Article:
Because Stephanie and her husband had recently started their own small technology business, they were unable to buy comprehensive health insurance. For $469 a month, or about 20% of their income, they had been able to get only a policy that covered just $2,000 per day of any hospital costs. “We don’t take that kind of discount insurance,” said the woman at MD Anderson when Stephanie called to make an appointment for Sean.
Stephanie was then told by a billing clerk that the estimated cost of Sean’s visit — just to be examined for six days so a treatment plan could be devised — would be $48,900, due in advance.
By the way, that hospital down in Houston made a profit of 531 million dollars in one recent year.
So what can be done about all of this?
Well, the truth is that the status quo is a complete and total disaster, and every “solution” being promoted by politicians from both major political parties would only make things worse.
In the end, the U.S. health care system needs to be rebuilt from the ground up, but we all know that is not going to happen.
Instead, our politicians and the health care industry will just find additional ways to extract money from all of us, and the level of care that we all get will continue to decline.
If you don’t believe this, just check out what Paul Krugman of the New York Times had to say recently…
We’re going to need more revenue…Surely it will require some sort of middle class taxes as well.. We won’t be able to pay for the kind of government the society will want without some increase in taxes… on the middle class, maybe a value added tax…And we’re also going to have to make decisions about health care, doc pay for health care that has no demonstrated medical benefits . So the snarky version…which I shouldn’t even say because it will get me in trouble is death panels and sales taxes is how we do this.
Others are urging us to become more like Europe.
But do we really want what they have in the UK?…
Sick children are being discharged from NHS hospitals to die at home or in hospices on controversial ‘death pathways’.
Until now, end of life regime the Liverpool Care Pathway was thought to have involved only elderly and terminally-ill adults.
But the Mail can reveal the practice of withdrawing food and fluid by tube is being used on young patients as well as severely disabled newborn babies.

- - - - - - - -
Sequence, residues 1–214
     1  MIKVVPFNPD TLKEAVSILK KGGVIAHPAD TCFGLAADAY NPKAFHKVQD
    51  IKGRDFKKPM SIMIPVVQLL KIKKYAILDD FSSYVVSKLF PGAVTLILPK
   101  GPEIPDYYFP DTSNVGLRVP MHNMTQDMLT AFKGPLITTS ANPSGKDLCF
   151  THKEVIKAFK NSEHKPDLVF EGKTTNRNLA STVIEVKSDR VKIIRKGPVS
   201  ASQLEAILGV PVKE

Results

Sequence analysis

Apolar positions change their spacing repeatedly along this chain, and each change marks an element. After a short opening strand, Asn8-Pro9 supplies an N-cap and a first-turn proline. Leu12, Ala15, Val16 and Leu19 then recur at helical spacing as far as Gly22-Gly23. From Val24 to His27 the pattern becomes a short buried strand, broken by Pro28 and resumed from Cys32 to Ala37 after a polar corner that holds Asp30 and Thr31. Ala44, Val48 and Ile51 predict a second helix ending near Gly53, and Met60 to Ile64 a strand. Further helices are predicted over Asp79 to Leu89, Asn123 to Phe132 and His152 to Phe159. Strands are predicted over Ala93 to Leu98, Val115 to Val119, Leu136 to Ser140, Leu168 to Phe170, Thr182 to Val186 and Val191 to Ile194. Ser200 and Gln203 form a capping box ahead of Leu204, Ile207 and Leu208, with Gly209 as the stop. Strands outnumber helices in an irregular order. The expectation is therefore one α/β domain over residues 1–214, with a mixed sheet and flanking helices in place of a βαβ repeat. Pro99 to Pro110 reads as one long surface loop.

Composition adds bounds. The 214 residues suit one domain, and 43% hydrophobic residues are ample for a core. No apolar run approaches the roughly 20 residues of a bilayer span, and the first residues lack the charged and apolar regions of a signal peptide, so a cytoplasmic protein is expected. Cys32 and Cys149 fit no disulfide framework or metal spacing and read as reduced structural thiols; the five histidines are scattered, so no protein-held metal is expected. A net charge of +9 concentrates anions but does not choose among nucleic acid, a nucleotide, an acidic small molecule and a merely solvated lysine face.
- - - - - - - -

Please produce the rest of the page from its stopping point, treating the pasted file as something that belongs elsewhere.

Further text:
One doctor has admitted starving and dehydrating ten babies to death in the neonatal unit of one hospital alone.
Writing in a leading medical journal, the physician revealed the process can take an average of ten days during which a baby becomes ‘smaller and shrunken’.
In the end, my philosophy is just to avoid the U.S. health care system as much as possible. Most doctors are just trained to do two things – prescribe drugs and cut you open. In an emergency situation where you are about to die, those may be your best options, but otherwise I would just as soon avoid the gigantic money making scam that the U.S. health care industry has become.
But just don’t take my word for it. The following is some very sound advice from Dr. Robert S. Dotson…
Avoid contact with the existing health care system as far as possible. Yes, emergencies arise that require the help of physicians, but by and large one can learn to care for one’s own minor issues. Though it is flawed, the internet has been an information leveler for the masses and permits each person to be his or her own physician to a large degree. Take advantage of it! Educate yourself about your own body and learn to fuel and maintain it as you would an expensive auto or a pet poodle. One does not need a medical degree to:
1. avoid excessive use of tobacco or alcohol or, for that matter, caffeine;
2. avoid poisons like fluoride, aspartame, high fructose corn syrup, and addictive drugs (legal or illicit);
3. avoid unnecessary and potentially lethal imaging studies (TSA’s radiation pornbooths, excessive mammography, repetitive CT scans – exposure to all significantly increases cancer risk);
4. avoid excessive cell phone use and exposure to other forms of EMR pollution where possible (the NSA is recording everything you say and text anyway);
5. avoid daily fast food use and abuse (remember: pink slime and silicone) ;
6. avoid untested GM foods (do you really want to become “Roundup Ready?”):
7. avoid most vaccinations and pharmaceutical agents promoted by the establishment;
8. avoid risky behaviors (and, we do not need a bunch of Nanny State bureaucrats to define and police these);
9. exercise moderately;
10. get plenty of sleep;
11. drink plenty of good quality water (buy a decent water filter to remove fluoride, chloride, and heavy metals);
12. wear protective gear at work and play where appropriate (helmets, eye-shields, knee and elbow pads, etc.):
13. seek out locally-grown, whole, organic foods and support your local food producers;
14. take appropriate nutritional supplements (multi-vitamins, Vitamin C, Vitamin D3);
15. switch off the TV and the mainstream media it represents;
16. educate yourself while you can;
17. QUESTION AUTHORITY!
Doing these simple, common-sense things will add healthy years to a person’s life and help one avoid most medical encounters during his or her allotted time on earth.
So what do you think?
Do you believe that the U.S. health care system is a gigantic money making scam that is about to collapse?
Temperance advocates like Stroudwater resident Lillian Stevens, who in 1913 decried the “home-destroying, heart-breaking curse of liquor traffic,” fought to maintain the “dry Maine” first established in 1851.
“Wet Maine” proponents at the time urged repeal of a state constitutional amendment that prohibited the sale of alcoholic beverages in Maine, in part because the ban was ineffective and impossible to enforce.